Head Coach Jon Gruden got the speedy Galloway in the spring of 2004 in a trade for Keyshawn Johnson and quickly decided that the former Cowboy and Seahawk could run any route. Galloway's speed could be used for repetitive up-field clear-outs and the occasional bomb, but it could also turn more innocent plays into sudden danger. Galloway, who has over 500 career catches, feels comfortable with any play call.

"He's been in the league a long time and he hasn't lost his legs," said cornerback Brian Kelly, an appreciative defensive teammate. "So he's got a combination of both now, playing out there for so long, seeing so many different coverages, playing against a lot of defensive backs. He knows what to do and when to do it, but he's still got his legs to take advantage of that."

That's the part that has stunned his Buccaneer teammates, that sprinter's speed that is supposed to desert an NFL player in his mid-30s, especially one who has had a season-ending knee injury and a serious groin tear within the last five years. Galloway's big 2005 season has rekindled the talk that has swirled around him since he first entered the NFL as a first-round pick of the Seahawks in 1995, that he might be the fastest man in the league.

"I wouldn't argue that watching that play against San Francisco," said Kelly. "Obviously, you get up in your thirties, your mid-thirties where he's at, you lose a little bit of your step. But he hasn't lost anything. He's still rolling."

Credit the career longevity to Galloway's intense training regimen, something he has followed with little change since his Ohio State days. When the Bucs became disenchanted with Johnson in 2003, they were thrilled to work out the swap with the Cowboys, believing Galloway to still have his game-changing legs. He suffered his groin injury less than half a game into his Buccaneer career, though, and didn't really get rolling in Gruden's offense until the last five games of last season. Since then, he has basically had a 1,000-yard season and scored 11 touchdowns (including one on a punt return) in 12 games.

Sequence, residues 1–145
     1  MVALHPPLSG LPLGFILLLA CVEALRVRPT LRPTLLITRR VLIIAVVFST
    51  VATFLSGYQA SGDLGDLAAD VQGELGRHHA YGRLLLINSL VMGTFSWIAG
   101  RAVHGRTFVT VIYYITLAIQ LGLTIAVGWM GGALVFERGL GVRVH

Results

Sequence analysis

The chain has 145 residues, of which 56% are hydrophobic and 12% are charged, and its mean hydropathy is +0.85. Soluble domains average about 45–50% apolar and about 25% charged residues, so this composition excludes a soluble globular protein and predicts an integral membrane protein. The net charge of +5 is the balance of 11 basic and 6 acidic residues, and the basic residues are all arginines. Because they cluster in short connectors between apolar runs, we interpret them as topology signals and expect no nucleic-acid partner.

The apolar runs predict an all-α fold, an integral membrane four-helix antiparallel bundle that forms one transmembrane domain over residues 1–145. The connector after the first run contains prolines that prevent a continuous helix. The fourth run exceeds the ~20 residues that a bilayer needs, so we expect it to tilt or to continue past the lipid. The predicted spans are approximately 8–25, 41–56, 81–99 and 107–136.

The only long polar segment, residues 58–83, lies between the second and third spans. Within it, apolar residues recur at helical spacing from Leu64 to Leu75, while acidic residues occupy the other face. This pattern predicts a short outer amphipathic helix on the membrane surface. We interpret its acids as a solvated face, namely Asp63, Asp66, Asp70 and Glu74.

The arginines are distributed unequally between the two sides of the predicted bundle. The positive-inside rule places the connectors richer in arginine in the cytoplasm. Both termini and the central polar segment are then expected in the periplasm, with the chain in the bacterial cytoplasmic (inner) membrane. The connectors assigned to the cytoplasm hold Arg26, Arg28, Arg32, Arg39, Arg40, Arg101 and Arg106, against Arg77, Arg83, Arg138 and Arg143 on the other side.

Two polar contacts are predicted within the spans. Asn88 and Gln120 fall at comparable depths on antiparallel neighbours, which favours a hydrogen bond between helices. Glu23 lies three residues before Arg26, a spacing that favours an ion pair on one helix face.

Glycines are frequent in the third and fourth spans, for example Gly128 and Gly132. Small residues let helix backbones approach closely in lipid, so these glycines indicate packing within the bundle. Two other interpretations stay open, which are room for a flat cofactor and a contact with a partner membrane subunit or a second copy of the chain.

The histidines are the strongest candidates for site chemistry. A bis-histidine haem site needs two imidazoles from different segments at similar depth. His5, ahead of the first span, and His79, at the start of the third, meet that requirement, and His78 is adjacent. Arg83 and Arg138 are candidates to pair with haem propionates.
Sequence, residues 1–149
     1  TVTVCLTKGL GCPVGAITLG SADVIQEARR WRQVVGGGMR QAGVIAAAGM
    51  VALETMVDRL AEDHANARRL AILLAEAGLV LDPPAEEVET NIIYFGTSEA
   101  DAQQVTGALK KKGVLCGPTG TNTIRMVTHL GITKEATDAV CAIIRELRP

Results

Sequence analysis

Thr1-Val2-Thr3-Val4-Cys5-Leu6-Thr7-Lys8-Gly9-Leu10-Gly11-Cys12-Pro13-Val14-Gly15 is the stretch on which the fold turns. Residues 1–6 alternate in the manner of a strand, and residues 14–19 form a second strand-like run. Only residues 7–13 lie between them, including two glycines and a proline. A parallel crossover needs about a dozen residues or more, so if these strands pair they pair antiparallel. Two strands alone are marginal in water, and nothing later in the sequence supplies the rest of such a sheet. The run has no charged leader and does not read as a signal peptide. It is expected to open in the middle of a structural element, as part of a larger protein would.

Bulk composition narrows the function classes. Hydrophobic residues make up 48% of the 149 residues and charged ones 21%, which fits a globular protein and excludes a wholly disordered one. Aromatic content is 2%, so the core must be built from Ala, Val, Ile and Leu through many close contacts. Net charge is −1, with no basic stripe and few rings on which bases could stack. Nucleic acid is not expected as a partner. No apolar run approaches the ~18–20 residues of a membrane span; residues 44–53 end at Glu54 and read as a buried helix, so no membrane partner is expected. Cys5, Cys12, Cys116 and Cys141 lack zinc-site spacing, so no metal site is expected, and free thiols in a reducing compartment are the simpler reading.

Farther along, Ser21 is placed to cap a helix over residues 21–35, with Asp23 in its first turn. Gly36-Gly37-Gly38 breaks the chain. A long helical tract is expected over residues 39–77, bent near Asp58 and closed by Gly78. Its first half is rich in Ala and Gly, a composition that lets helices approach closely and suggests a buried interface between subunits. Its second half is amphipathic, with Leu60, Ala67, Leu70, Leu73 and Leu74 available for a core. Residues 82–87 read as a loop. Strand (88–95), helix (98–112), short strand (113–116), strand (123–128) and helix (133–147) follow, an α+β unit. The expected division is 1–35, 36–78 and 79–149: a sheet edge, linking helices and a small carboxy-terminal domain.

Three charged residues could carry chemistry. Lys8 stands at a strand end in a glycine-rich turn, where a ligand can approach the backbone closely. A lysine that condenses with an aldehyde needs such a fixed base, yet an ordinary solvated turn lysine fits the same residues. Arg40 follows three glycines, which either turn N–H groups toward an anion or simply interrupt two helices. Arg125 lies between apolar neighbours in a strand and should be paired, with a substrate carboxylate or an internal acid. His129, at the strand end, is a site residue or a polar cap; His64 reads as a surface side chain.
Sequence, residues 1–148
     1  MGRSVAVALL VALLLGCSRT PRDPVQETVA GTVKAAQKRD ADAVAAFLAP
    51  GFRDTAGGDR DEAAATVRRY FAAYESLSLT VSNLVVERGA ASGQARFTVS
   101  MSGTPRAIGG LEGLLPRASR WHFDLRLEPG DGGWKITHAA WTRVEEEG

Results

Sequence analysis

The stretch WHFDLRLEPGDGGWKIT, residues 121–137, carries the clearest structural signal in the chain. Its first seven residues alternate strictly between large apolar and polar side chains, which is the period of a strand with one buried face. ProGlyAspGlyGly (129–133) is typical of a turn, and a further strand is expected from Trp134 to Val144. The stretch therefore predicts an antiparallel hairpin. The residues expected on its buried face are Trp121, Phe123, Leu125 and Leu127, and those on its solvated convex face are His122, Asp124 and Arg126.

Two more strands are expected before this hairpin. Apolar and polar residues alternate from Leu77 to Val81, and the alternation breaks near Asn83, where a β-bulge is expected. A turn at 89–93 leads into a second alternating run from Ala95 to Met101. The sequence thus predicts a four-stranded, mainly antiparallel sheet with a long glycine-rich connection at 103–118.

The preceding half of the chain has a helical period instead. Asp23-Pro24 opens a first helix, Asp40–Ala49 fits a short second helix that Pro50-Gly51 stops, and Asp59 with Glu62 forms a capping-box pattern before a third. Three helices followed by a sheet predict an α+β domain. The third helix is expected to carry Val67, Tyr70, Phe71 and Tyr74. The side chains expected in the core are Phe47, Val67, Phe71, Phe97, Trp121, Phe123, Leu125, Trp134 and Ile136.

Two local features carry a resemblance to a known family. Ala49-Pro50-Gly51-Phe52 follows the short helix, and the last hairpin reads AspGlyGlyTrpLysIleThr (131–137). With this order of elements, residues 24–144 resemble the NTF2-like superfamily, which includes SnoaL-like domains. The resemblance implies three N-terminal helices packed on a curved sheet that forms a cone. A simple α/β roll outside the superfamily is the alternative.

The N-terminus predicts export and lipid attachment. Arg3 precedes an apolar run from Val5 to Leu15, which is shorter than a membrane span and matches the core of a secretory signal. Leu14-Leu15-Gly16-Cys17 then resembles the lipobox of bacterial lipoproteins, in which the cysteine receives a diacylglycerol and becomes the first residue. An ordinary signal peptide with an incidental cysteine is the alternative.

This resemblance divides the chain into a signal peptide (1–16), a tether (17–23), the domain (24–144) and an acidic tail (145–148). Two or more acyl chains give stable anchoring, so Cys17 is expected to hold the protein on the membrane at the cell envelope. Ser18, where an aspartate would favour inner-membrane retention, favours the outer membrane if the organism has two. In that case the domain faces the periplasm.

"He's just an all-around professional," said quarterback Chris Simms. "On and off the field he takes care of his body, works hard. He loves the game of football. It's nothing surprising to anybody in our locker room. Even last year when we went into the season, we knew he was going to blow up. He got a little unlucky and he got hurt and had to deal with his groin injury and things like that. But to people we play in the league, everybody knows Joey Galloway is a star and a force to be reckoned with."

Credit this season's continued health to the Bucs' plan to keep him fit for the long haul. Citing the way a world-class sprinter might prepare for a track meet, Gruden worked out a training camp system in which Galloway would sit out roughly every other practice but go hard when he was on the field. The Bucs have carried that into the regular season, too, letting Galloway take it easy on many Wednesdays before gradually ramping it up as the week progresses.

"I think that's the difference, to be honest with you," said Galloway. "I worked out the same, came in prepared the same, and the plan to take it a little easier in camp, a little easier during the week of practice has worked out pretty good. Really, that's the only change.

"I feel good. We had a plan coming in that everybody knew about and it's worked out so far. Right now I feel terrific."

The Bucs are feeling pretty good about Galloway, too. Gruden has about as much love for statistics as his receiver does, and the rest of the team is more concerned about points on the scoreboard than marks in Galloway's receiving column. Still, the Bucs know that it is quite often Galloway's catches and yards – however many they may be – that are most often leading the offense to six points.

And that's a number even Galloway can love.